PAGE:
Boston EMS mourns the passing of Captain Robert Y. Haley, 'Sarge', one of the most respected and influential members of the department. Often seen wearing khakis, a bullet-lined belt and polo shirt, Haley had a demeanor that commanded respect. With the middle name of 'York', his nickname dates back to when he was a young boy in South Boston, in honor of Sergeant Alvin York, a decorated World War I hero and Medal of Honor recipient. While Captain Haley proved to be a hero in his own right on April 15, 2013, it is important to pay homage to the many qualities, qualifications and accomplishments that made him such a vital member of Boston EMS and the public safety community.
After 35 years with Boston EMS, Captain Haley retired on July 31st of this year. He started with the department, like all uniformed members, as an Emergency Medical Technician, working out of an ambulance. From there he was promoted to Field Supervisor and later to Captain. Although a recognized leader and person of authority, Captain Haley was most notably, a teacher and mentor. Many remember him from his time with the Boston EMS training academy, serving as an instructor when they were first hired. After leaving this role he would continue providing lectures on various preparedness topics and was even recruited by the US Department of Defense in 1998 to serve as both an instructor and advisor on mass casualty incidents. In 2003, he was a driving force behind the creation of and course material development for the department's DelValle Institute for Emergency Preparedness, which has trained tens of thousands of health care and public safety representatives. He was not only a skilled orator, but also a lifelong learner and an experienced disaster responder, lending credibility and value to the topics he covered.
When Hurricane Andrew struck Florida in 1992, Captain Haley was broadly recognized for his strengths in logistics and disaster response. He served as a member of the Disaster Medical Assistance Team and when large-scale disasters struck, Sarge got a personal call from a representative at the Federal Emergency Management Agency requesting his assistance. Captain Haley later responded to St Thomas in 1995, after Hurricane Marilyn, where, as he would recount, he arrived with no means of transportation and 'appropriated' vehicles from a local rental car lot for his team. All was sorted out later and his uncanny ability to address any logistical challenge thrown at him soon became one of his trademarks. He was called again to New York, after the September 11 attacks, and once more when Hurricane Katrina hit the Gulf Coast, leading emergency management logistics for the entire state of Mississippi. Drawing from his national and international disaster response experience, he would apply lessons learned from what he experienced to build preparedness in Boston.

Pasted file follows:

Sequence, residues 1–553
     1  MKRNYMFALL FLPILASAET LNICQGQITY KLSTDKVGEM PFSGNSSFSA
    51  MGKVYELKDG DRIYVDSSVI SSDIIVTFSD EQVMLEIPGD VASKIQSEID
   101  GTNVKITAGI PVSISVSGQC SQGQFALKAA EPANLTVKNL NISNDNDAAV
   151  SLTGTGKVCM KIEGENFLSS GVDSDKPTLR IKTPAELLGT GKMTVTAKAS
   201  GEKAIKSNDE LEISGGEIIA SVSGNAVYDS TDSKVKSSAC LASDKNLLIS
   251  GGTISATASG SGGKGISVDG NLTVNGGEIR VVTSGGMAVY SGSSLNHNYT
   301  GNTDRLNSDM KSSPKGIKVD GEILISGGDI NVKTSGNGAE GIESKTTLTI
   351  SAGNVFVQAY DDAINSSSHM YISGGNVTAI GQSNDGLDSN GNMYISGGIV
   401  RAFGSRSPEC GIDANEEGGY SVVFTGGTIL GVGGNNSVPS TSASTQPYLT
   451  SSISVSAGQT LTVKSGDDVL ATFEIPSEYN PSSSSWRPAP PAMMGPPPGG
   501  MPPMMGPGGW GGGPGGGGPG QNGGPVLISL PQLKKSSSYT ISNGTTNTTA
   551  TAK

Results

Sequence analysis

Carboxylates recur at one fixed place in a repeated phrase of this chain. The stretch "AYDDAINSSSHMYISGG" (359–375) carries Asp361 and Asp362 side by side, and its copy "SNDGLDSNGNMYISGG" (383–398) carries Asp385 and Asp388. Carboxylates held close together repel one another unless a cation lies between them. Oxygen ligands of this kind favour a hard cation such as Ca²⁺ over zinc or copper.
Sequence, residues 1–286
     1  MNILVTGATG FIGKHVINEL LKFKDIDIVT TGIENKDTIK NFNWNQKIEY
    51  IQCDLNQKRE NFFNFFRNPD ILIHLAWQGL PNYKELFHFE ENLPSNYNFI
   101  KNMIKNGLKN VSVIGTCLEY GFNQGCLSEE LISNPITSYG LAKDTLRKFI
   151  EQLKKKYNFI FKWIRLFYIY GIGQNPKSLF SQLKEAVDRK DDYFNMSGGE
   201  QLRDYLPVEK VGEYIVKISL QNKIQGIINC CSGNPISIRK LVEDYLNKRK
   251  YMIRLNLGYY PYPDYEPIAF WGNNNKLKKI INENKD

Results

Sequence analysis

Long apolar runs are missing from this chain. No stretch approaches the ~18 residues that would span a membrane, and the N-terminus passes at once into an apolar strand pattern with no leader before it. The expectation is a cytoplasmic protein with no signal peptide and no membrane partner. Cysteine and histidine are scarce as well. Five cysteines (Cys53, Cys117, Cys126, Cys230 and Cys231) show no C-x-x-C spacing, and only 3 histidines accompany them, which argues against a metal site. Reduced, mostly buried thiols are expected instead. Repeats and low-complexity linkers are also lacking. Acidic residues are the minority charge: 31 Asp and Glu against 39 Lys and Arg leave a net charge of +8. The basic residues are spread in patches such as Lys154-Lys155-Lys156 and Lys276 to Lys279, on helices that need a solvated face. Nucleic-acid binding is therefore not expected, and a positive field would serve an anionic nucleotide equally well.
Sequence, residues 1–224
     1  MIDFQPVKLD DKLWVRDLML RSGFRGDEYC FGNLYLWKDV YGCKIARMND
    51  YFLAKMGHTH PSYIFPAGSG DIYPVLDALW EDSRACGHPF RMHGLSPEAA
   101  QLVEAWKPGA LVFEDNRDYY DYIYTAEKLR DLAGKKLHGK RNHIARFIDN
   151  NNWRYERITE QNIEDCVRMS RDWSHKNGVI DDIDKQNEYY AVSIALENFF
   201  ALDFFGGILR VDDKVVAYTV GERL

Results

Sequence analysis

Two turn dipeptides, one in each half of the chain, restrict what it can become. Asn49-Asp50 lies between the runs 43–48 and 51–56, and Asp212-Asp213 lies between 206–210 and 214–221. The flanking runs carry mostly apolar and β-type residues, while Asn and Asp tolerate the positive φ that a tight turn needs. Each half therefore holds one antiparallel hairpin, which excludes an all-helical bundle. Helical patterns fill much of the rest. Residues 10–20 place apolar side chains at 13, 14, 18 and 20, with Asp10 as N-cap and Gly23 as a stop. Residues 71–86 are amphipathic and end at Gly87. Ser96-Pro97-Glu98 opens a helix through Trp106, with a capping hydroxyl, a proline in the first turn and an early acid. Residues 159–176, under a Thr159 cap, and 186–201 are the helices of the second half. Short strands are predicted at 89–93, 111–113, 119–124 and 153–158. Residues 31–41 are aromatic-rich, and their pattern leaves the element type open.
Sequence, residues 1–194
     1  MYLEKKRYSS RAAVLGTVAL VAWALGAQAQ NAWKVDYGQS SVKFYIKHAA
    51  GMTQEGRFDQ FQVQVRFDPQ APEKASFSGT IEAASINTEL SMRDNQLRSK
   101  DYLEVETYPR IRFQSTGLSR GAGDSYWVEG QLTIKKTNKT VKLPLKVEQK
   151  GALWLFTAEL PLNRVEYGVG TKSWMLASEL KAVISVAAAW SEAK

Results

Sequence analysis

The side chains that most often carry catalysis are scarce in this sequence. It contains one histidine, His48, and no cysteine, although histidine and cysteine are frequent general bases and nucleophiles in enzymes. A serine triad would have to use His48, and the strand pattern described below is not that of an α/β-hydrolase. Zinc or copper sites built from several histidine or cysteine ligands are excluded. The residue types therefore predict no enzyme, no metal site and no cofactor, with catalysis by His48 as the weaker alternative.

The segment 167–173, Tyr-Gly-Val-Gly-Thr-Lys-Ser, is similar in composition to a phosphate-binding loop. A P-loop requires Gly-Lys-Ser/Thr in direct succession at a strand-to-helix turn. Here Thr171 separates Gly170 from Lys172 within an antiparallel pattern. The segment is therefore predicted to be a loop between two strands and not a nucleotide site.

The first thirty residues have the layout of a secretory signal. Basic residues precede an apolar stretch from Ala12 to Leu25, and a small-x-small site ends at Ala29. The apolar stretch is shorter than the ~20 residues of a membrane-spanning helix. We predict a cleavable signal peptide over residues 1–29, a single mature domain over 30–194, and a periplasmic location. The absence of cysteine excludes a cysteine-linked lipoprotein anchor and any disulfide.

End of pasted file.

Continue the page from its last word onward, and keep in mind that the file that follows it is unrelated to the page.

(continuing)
Most knew Captain Haley for his role as the Boston EMS Special Operations lead, a division he created, in the mid-90's, as a proactive measure to mitigate the rising need for EMS at special events, preserving coverage for the City's neighborhoods. Just as Captain Haley worked to mitigate the resource demands planned (and unplanned) events placed on the department, he also made every effort to minimize their financial impact. He had an incredible talent for securing grant funding for resources necessary to improve disaster readiness and mass medical care capabilities. Over the years, his Special Operations division evolved into not just a special event unit, but also an emergency preparedness and disaster response resource for the department and City. After each event or disaster, whether it was the 2004 Democratic National Convention, evacuation of a long term care facility, a Rolling Rally, a natural disaster or a terrorist attack, Captain Haley took note and made necessary adjustments to his plan of operations. He was a ready asset for any emergency and frequently called upon by local, state and federal representatives for guidance.
When the Boston Bombings occurred in 2013, Captain Haley had spent years shaping disaster preparedness at Boston EMS and for the Boston Marathon. As a member of the organizing and medical committees, he influenced much of the logistics and medical planning. He was always thinking about the possibility of an incident occurring during the race and guided the BAA towards implementing mass casualty incident protocols as part of standard operations. He had resources on hand for just such an event and a team working alongside him ready to respond.
That said, it was his daily commitment to the community and the department that defined his career at Boston EMS. Over the years, he received numerous department citations and awards, including the Stephen M. Lawlor Award for Collaborative Practice (received twice), the Henry L. Shattuck Public Service Award and the Revere Award for excellence and leadership in public health. He worked seven days a week throughout the summers and coordinated the medical logistics for over 500 events a year. His attention to detail made him an expert in logistics and, with his big-picture forward-thinking perspective, he was an authority on disaster preparedness.
Although Boston EMS will be forever thankful for the legacy Captain Robert Haley has left, we owe the biggest debt of gratitude to his family, his greatest love, who shared him with us over the last 35 years.